Sudafed (on sale here) is an expectorant, antitussive and decongestant. It is used to treat infections of the upper respiratory tract and is a favorite with doctors when treating individuals with chronic lung diseases such as bronchitis, asthma and emphysema. Sudafed is a medication manufactured by McNeil laboratories, a subsidiary of Johnson & Johnson. It was released in 2006, and it is currently available in major countries such as the U.S., the U.K., New Zealand, Australia, Canada, Ireland and South Africa.
How Sudafed Works
This medication is sold in its generic form as guafenesin, theophylline, and pseudoephedrine elixir. Its expectorant effects include loosening up and thinning out thick mucus within the body so it’s easier to cough or spit it out. This in turn leads to opening up air passages, providing patients with the ability to breathe normally once again. In addition, it stops lung tissue irritation in its tracks, something which alleviates the persistent cough related to most respiratory issues.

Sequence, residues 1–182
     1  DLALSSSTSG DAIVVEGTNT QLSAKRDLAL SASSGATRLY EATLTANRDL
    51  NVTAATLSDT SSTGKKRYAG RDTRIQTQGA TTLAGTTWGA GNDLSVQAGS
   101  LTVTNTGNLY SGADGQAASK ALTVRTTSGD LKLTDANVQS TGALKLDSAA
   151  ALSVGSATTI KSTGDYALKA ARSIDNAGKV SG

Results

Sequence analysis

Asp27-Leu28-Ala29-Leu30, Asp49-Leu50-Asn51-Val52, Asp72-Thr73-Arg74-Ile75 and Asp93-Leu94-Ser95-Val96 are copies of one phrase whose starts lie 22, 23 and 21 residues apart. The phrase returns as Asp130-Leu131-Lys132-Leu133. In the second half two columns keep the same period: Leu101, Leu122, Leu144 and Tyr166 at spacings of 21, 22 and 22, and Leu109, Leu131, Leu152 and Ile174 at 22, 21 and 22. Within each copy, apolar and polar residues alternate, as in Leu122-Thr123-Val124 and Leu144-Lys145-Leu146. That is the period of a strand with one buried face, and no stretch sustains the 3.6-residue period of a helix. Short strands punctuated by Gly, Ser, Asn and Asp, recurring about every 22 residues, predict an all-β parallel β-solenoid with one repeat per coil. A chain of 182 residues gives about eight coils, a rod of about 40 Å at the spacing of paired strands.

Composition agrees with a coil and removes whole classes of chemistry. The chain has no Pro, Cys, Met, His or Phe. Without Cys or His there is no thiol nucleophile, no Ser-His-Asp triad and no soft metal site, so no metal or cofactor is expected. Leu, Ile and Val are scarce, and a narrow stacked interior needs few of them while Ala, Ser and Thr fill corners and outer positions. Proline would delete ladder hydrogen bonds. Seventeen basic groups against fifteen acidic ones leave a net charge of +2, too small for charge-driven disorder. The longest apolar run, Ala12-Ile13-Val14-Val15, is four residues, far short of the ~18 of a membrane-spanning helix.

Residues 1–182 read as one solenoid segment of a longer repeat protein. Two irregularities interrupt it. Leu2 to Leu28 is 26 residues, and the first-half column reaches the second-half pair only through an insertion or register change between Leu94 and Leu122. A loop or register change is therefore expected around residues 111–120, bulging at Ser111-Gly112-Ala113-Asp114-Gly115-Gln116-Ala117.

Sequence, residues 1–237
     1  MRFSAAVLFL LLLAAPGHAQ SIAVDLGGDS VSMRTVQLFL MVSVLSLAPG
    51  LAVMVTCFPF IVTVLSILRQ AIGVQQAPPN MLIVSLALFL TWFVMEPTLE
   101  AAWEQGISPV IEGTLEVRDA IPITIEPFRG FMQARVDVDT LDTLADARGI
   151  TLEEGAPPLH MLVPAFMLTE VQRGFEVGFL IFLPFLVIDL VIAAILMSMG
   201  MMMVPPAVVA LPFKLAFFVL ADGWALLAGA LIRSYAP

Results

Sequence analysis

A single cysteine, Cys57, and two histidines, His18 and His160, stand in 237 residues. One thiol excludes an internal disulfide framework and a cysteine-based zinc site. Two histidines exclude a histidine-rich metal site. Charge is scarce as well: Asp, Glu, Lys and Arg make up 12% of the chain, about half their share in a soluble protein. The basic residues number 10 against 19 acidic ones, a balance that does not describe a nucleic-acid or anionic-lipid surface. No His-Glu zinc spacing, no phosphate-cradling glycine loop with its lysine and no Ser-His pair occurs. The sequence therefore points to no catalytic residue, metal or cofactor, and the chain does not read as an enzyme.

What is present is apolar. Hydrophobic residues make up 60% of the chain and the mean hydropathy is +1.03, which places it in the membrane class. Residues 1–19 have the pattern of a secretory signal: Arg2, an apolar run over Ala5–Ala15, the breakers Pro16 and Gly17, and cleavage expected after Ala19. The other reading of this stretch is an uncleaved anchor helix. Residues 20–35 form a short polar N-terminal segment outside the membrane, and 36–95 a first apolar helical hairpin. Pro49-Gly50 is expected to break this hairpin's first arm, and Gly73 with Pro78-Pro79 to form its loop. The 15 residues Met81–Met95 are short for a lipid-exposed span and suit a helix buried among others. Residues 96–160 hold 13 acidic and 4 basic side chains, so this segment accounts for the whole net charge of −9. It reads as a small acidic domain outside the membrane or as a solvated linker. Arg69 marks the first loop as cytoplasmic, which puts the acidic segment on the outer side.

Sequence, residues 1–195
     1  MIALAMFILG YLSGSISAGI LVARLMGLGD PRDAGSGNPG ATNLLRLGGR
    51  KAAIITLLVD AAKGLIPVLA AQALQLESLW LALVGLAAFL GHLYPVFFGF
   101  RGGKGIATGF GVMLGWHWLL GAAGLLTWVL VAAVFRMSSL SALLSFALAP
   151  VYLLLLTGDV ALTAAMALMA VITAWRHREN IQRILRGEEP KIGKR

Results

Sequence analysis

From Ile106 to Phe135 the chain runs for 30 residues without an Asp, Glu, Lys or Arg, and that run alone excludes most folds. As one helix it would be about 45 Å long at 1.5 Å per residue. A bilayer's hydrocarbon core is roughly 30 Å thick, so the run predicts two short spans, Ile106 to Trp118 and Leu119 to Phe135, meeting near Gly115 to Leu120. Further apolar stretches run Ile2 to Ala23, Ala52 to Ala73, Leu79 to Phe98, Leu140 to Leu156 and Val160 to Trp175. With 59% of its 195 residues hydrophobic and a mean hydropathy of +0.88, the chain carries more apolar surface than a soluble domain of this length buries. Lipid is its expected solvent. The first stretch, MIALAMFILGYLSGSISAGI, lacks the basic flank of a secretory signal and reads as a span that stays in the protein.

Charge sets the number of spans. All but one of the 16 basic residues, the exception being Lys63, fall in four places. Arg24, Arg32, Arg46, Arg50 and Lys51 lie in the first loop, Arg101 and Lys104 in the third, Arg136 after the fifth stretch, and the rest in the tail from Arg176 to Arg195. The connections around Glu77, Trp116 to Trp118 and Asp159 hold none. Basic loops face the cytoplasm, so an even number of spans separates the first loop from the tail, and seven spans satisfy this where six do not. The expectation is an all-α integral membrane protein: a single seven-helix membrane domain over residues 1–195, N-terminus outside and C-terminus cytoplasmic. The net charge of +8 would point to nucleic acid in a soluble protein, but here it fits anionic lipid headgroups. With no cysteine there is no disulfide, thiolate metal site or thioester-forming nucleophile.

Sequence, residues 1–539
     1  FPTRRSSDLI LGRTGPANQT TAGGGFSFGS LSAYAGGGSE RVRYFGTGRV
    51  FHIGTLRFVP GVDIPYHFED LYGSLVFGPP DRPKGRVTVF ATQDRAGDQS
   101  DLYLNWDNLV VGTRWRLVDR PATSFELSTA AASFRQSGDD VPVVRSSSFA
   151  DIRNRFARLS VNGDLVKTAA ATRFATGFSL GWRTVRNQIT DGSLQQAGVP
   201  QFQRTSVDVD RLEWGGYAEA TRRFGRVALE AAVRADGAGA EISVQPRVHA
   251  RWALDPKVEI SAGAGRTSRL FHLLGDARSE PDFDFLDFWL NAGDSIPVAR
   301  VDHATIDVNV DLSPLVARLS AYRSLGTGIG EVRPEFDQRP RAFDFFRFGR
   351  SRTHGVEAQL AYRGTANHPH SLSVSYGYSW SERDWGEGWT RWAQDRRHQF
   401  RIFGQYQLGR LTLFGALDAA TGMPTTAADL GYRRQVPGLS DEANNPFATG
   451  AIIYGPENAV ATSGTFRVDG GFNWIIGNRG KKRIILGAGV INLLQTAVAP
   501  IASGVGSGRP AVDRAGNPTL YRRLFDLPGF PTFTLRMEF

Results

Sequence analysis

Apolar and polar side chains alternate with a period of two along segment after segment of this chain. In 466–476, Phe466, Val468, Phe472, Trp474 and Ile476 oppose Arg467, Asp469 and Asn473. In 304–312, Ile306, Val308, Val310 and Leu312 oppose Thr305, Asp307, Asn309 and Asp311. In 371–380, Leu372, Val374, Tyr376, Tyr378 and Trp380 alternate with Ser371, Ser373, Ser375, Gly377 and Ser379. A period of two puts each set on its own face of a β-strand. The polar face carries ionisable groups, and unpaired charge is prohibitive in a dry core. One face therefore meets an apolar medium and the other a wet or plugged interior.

Sudafed contains two active ingredients: Pseudoephedrine and hydrochloride. It is taken orally, and suggested dosages are 10ml every 4 hours up to 4 to 6 times every day for adults and for children over the age of 12, and 5ml every 4 hours up to 4 to 6 times per day for kids under 6. If you’d like, you can dilute Sudafed Elixir in ratios of 1:1 or 1:3.
Side Effects of Sudafed
Some side effects you can expect include:
– Stomach cramps
– Difficulty urinating.
Do not take Sudafed if you have high blood pressure, have been prescribed MAOI antidepressants, have severe hepatic impairment, have kidney problems, have diabetes, hyperthyroidism, closed angle glaucoma or have phaechromocytoma. Consult with your doctor if you have heart problems or mood or anxiety disorders. Should your breathing worsen, consult your doctor. It might also be tempting to take more of this medication due to its slow acting nature; doing so may put your health in danger.